There are two groups of people who want to postpone a new Scottish independence referendum till after Brexit: Yes–Leave voters and Unionists.
Many Yes–Leave voters (the Yellow Tribe, as I’ve described them in the past), such as Jim Sillars, want to postpone it because they hate the EU at least as much as the UK, and they hope Scottish EU membership can be averted by waiting till Scotland has fully left the EU together with the rest of the UK.
They might sing a siren song about needing more time to prepare a Yes majority, but when you dig a bit deeper, their main focus is clearly to prevent Scottish membership of the EU, and they dismiss any concerns that Independence Outwith Europe will attract much fewer voters than Independence In Europe
I’m finding it curious why they had no problems voting Yes last time, given that there clearly was an expectation that Scotland would apply for continued EU membership immediately. I guess they might have been hoping Project Fear were right that Spain would veto it.
It’s clear this group will do everything they can to delay the next independence referendum. What is less clear is whether they’ll actually vote No or abstain if it does happen sooner rather than later.
On the other hand, the Unionists clearly want to postpone the referendum because they think they will lose if there’s any prospect of uninterrupted EU membership for Scotland, but that their chances of keeping Scotland on board are much better once Brexit has happened. I tend to agree with them. It’ll be much easier to organise Project Fear II if Scotland has to spend years after independence re-harmonising its laws with the EU before membership becomes an option. Let’s face it – if Theresa May wants Indyref2 after Brexit, it’s not because she wants to help us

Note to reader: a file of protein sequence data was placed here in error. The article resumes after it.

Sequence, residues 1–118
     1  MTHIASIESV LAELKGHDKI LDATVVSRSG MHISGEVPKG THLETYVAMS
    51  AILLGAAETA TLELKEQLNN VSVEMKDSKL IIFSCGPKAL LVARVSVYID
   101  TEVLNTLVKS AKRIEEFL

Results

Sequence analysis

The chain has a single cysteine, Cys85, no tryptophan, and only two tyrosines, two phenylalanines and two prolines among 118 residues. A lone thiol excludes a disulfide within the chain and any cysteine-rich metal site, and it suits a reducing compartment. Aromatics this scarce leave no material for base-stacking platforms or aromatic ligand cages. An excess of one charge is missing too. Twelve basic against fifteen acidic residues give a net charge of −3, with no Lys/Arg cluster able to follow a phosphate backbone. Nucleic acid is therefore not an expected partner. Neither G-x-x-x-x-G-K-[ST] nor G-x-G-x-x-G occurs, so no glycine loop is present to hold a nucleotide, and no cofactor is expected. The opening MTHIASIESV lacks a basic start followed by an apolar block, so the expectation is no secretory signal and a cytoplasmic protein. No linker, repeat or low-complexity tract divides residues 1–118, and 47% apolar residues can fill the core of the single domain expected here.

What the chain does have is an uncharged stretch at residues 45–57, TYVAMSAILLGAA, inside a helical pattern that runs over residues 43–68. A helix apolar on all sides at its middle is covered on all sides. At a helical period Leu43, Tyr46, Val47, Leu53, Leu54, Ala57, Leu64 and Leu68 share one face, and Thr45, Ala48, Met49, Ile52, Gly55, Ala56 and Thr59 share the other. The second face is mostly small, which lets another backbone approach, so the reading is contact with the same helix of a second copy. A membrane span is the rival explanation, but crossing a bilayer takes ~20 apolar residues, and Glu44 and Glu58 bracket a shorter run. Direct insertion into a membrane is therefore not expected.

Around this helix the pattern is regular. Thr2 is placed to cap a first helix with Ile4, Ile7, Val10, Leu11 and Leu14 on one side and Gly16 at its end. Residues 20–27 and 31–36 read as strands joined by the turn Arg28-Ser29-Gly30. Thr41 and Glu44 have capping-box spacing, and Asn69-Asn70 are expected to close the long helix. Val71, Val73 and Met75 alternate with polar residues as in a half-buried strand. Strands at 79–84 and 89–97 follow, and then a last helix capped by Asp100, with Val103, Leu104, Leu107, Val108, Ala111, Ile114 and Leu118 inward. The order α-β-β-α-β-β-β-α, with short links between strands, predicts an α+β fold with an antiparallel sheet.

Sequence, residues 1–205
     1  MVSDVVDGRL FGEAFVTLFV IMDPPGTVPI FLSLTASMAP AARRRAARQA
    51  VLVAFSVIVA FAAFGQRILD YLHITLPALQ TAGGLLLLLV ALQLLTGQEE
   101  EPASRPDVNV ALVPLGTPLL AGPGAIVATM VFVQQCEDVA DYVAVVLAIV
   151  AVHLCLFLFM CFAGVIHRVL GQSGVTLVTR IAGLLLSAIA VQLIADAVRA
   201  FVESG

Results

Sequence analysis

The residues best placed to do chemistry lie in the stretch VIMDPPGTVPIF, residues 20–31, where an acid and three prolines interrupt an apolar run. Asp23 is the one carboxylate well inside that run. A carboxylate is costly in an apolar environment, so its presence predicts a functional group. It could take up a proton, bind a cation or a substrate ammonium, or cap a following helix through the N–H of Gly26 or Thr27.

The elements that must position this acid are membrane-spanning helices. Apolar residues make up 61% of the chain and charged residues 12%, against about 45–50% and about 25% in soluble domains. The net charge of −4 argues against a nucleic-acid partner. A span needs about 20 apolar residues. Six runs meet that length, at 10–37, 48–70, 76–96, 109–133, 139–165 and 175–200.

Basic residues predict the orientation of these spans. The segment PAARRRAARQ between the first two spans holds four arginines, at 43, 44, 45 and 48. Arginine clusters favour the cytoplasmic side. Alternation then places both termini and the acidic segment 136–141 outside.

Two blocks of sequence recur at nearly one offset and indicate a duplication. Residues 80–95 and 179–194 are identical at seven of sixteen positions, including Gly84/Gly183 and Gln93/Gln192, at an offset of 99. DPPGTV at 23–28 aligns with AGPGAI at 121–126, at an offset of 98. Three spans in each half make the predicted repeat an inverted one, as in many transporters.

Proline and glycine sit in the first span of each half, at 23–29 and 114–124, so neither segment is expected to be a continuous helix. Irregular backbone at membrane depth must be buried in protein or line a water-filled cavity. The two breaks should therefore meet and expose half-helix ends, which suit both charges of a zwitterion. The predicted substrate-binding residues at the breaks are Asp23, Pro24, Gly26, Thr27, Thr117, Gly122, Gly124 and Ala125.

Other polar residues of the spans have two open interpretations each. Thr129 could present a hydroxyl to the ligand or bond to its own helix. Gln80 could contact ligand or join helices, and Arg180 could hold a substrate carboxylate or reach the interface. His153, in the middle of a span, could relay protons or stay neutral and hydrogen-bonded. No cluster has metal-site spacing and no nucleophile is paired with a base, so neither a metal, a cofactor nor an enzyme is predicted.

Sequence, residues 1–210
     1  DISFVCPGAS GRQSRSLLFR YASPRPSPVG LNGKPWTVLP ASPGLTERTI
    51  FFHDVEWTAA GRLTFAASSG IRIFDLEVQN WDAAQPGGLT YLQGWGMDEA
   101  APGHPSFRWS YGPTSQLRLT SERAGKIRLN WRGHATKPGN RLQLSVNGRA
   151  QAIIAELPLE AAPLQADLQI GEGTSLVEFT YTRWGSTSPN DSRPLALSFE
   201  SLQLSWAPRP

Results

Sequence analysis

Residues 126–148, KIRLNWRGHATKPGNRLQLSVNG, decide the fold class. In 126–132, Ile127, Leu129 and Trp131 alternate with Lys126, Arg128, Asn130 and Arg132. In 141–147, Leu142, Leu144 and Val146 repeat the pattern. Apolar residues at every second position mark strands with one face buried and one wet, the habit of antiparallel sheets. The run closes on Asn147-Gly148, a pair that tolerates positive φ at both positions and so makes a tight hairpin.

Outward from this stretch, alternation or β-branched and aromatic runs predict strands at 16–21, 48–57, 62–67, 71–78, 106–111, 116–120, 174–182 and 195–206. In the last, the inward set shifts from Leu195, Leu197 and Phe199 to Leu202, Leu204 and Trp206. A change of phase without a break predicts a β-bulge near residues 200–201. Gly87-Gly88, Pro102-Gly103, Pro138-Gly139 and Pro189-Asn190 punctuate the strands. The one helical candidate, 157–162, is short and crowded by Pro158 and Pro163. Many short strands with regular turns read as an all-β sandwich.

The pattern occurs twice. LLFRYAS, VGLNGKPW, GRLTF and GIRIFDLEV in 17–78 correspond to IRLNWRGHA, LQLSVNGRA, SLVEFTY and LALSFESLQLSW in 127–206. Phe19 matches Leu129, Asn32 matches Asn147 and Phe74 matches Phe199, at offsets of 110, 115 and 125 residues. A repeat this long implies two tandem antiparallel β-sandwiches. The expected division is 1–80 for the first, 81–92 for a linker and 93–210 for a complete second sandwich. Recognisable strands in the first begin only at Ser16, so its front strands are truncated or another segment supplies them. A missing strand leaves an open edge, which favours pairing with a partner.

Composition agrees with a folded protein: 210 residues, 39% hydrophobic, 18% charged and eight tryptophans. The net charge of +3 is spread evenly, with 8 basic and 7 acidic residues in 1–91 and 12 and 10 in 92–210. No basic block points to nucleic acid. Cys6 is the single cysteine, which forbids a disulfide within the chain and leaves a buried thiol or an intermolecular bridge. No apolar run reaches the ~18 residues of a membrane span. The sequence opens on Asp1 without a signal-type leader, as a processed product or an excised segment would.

What is clear is that the two groups can’t both be right. Either holding Indyref2 after Brexit will increase the chances of a Yes, or it’ll do the opposite. My money would be on the Unionists here; after all, they just want to prevent Scotland from leaving, whereas the Yes–Leave crowd have two conflicting priorities: Obtaining independence and staying out of the EU.
We therefore have to dismiss the Leave–Yes plea for postponing next new independence referendum. Our best chance is to hold it before Brexit becomes a reality, for instance in the autumn of 2018.